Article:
6 Things to Know About Fair Housing Laws

By mousa

When it comes to finding ideal tenants for your rental property in Detroit, Michigan, proper screening is a must.

In most cases, you’ll get a lot of applications for tenancy

How can you go about choosing the best prospective tenants without breaking any Fair Housing Laws?

For starters, it would be best to learn everything you can about the Fair Housing Act (FHA).

This post is a great place to get that process going. It covers the basics of Fair Housing Laws and how you can protect yourself.

Keep on reading to find out more about this important real estate owner legislation.

6 Things You Should Know About the Fair Housing Laws in Detroit

Meaning and History

are Fair Housing Laws anyway?

These are laws put in place to ensure that
every American gets fair and equal treatment in matters relating to housing.

That means that no one should be discriminated
against because of their class when:

  • Applying
    for tenancy
  • Applying
    for a mortgage
  • Buying
    a piece of property

The Fair Housing Act was enacted back in
1968, just a week after Martin
Luther King Jr.’s assassination.

But the enactment came after a series of
attempts that started as early as the mid-1800s.


The most significant events that led to
the institution of these laws include the:

  • Civil
    Rights Movement of the early 1960s
  • Rumford
    Fair Housing Act of 1963
  • Civil
    Rights Act of 1964
  • All of them
    finally leading up to the Fair Housing Act of 1968

Since its enactment, the Act has been an
effective tool in the fight against discrimination in the housing industry.

The Goals of Fair Housing Laws

What makes these goals so important? Or
what do they do exactly?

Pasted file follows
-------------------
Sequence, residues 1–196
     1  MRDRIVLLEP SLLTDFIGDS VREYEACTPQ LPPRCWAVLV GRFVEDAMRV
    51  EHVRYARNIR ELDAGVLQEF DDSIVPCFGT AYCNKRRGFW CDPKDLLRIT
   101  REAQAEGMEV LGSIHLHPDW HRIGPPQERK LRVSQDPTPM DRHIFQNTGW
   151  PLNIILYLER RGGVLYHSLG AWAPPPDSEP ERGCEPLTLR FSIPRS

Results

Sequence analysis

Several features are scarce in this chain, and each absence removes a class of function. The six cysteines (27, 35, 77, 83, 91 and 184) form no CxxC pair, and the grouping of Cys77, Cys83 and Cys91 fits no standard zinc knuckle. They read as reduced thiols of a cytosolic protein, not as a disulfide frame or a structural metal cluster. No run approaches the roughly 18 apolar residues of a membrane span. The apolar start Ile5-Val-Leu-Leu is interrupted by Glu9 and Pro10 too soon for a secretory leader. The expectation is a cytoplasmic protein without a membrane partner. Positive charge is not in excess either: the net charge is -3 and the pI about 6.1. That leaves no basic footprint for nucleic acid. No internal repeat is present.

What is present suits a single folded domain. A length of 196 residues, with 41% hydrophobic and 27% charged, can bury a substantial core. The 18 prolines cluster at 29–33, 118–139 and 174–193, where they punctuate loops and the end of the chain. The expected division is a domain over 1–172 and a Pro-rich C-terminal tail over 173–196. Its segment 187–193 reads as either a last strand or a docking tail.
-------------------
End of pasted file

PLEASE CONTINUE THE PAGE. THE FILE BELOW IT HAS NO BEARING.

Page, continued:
Fair Housing Laws help to minimize (or
end) housing discrimination.

Basically, that means that they deter
landlords, property sellers, and mortgage lenders from being discriminatory.

In light of this, you might be wondering,
what actions are deemed discriminatory under the Fair Housing Laws?

Here are a few common examples of housing

  • Interfering
    with someone else’s Fair Housing Rights.
  • Showing
    bias against a protected class in an advert.
  • Posting
    discriminatory statements on property listings.
  • Lacking
    consistent requirements for a home purchase.
  • Denying
    mortgage applications from people who belong to a protected class.
  • Using
    unfair and unequal property appraisal methods.
  • Offering
    different classes of people different sets of terms and conditions on mortgage
  • Setting
    different lease agreement with members of different classes.
  • Denying
    a person housing based on their social class.
  • Lying
    about the availability of a housing unit and so on.

All of these
examples can be classified as discriminatory under the Fair Housing
. And the list above only covers a few of the many forms of
housing discrimination.

These are
things that delineate what you should and shouldn’t do when dealing with prospective